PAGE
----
Not that the former president of Liberty University didn’t make for some titillating headlines, but the attention that evangelical scholars and journalists have given to Jerry Falwell, Jr. has been — how to put it — excessive. The Protestants with whom I commune in the Presbyterian and Reformed world never put much energy into following Falwell. Nor did we pay much attention to the fortunes of Liberty under his leadership. I am sure conservative Presbyterians attend Liberty, but many more go to denominational colleges and universities such as Covenant in Tennessee, Geneva in Pennsylvania, Dort in Iowa, and Calvin in Michigan. Presbyterian parents make decisions about higher education for all sorts of reasons — costs probably as high as religious mission — but Liberty has not been an obvious choice for folks who take their theology from the Westminster Standards and the Three Forms of Unity. Throw in that Falwell, Jr. does not write books and does not preach on the radio. That means more conservative Reformed Protestants hear Joel Osteen than Falwell.
So why is it that so many historians and journalists have followed Falwell’s every move of late? It feels like evangelical elites go out of their way to show disapproval of Falwell so that outsiders don’t confuse them with the man and his brand of evangelicalism. Comments have appeared before about punching up and punching down and the etiquette of comedians that it is okay to mock those above you in status, but wrong to do the same with people below. What I can’t figure is whether Falwell while still president of Liberty was above or below his professional critics. Certainly, he had more access to power by his associations with President Trump. But it’s also the case that most of the criticisms of Falwell indicated that he was an inferior sort of Protestant.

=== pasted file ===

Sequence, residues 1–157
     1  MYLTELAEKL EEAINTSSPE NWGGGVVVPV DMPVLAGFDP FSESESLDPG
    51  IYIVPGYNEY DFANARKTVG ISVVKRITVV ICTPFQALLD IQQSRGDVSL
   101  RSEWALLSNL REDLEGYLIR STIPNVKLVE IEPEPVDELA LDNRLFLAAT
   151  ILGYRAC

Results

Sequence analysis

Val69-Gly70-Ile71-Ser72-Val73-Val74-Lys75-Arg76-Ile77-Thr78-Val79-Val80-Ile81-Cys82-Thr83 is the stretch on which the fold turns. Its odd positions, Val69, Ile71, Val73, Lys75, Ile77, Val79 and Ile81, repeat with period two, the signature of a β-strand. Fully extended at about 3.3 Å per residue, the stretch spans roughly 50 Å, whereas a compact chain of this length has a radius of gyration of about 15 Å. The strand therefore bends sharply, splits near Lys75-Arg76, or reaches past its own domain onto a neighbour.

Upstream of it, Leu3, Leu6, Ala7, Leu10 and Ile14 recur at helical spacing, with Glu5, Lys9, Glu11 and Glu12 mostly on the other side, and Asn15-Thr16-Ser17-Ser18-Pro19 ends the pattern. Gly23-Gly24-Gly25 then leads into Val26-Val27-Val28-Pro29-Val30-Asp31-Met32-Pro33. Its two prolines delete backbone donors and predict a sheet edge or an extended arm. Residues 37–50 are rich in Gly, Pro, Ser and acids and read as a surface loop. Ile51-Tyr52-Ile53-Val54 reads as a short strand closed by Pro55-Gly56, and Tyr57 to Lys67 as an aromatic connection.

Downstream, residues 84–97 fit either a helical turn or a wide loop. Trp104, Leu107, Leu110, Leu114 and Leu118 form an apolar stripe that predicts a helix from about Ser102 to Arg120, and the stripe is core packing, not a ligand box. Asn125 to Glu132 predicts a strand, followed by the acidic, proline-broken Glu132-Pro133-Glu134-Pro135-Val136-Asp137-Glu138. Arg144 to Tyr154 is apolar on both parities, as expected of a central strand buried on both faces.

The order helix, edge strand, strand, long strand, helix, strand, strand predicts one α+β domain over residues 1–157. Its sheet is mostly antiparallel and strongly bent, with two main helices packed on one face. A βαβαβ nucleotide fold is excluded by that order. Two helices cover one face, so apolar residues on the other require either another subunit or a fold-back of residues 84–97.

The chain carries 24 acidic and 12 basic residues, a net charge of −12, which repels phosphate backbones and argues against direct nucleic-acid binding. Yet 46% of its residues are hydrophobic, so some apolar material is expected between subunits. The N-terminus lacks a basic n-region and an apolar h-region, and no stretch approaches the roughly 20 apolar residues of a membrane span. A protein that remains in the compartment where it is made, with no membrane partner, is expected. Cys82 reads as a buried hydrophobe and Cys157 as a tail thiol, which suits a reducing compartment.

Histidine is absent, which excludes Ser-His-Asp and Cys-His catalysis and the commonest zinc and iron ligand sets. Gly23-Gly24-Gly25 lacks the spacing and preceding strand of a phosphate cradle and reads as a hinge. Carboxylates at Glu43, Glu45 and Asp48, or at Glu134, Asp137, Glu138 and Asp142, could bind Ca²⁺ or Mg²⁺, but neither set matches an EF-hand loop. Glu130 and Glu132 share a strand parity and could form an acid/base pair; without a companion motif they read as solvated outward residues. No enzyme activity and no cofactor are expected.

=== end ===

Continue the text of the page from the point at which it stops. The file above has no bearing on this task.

What is curious as well is that Falwell’s most vociferous critics of late did not start to pay attention to him until Trump became president even though the son of the famous Jerry Falwell became president of Liberty in 2007.
Liberty University likes to boast that it is the largest Christian university in the United States. Thousands of evangelical Christian young people attend the Lynchburg school. . . . Today the Wheaton Record, the college’s student newspaper, is running an “open letter” condemning Liberty president Jerry Falwell Jr.’s recent remarks about guns on campus (Get up to speed here). The open letter was covered by the Chicago Tribune.
It took Chris Gehrz until 2017 to comment on Falwell (his posts extend to two pages) and the Bethel University historian feared what the Liberty University president’s work for the Trump administration would do to other evangelical colleges: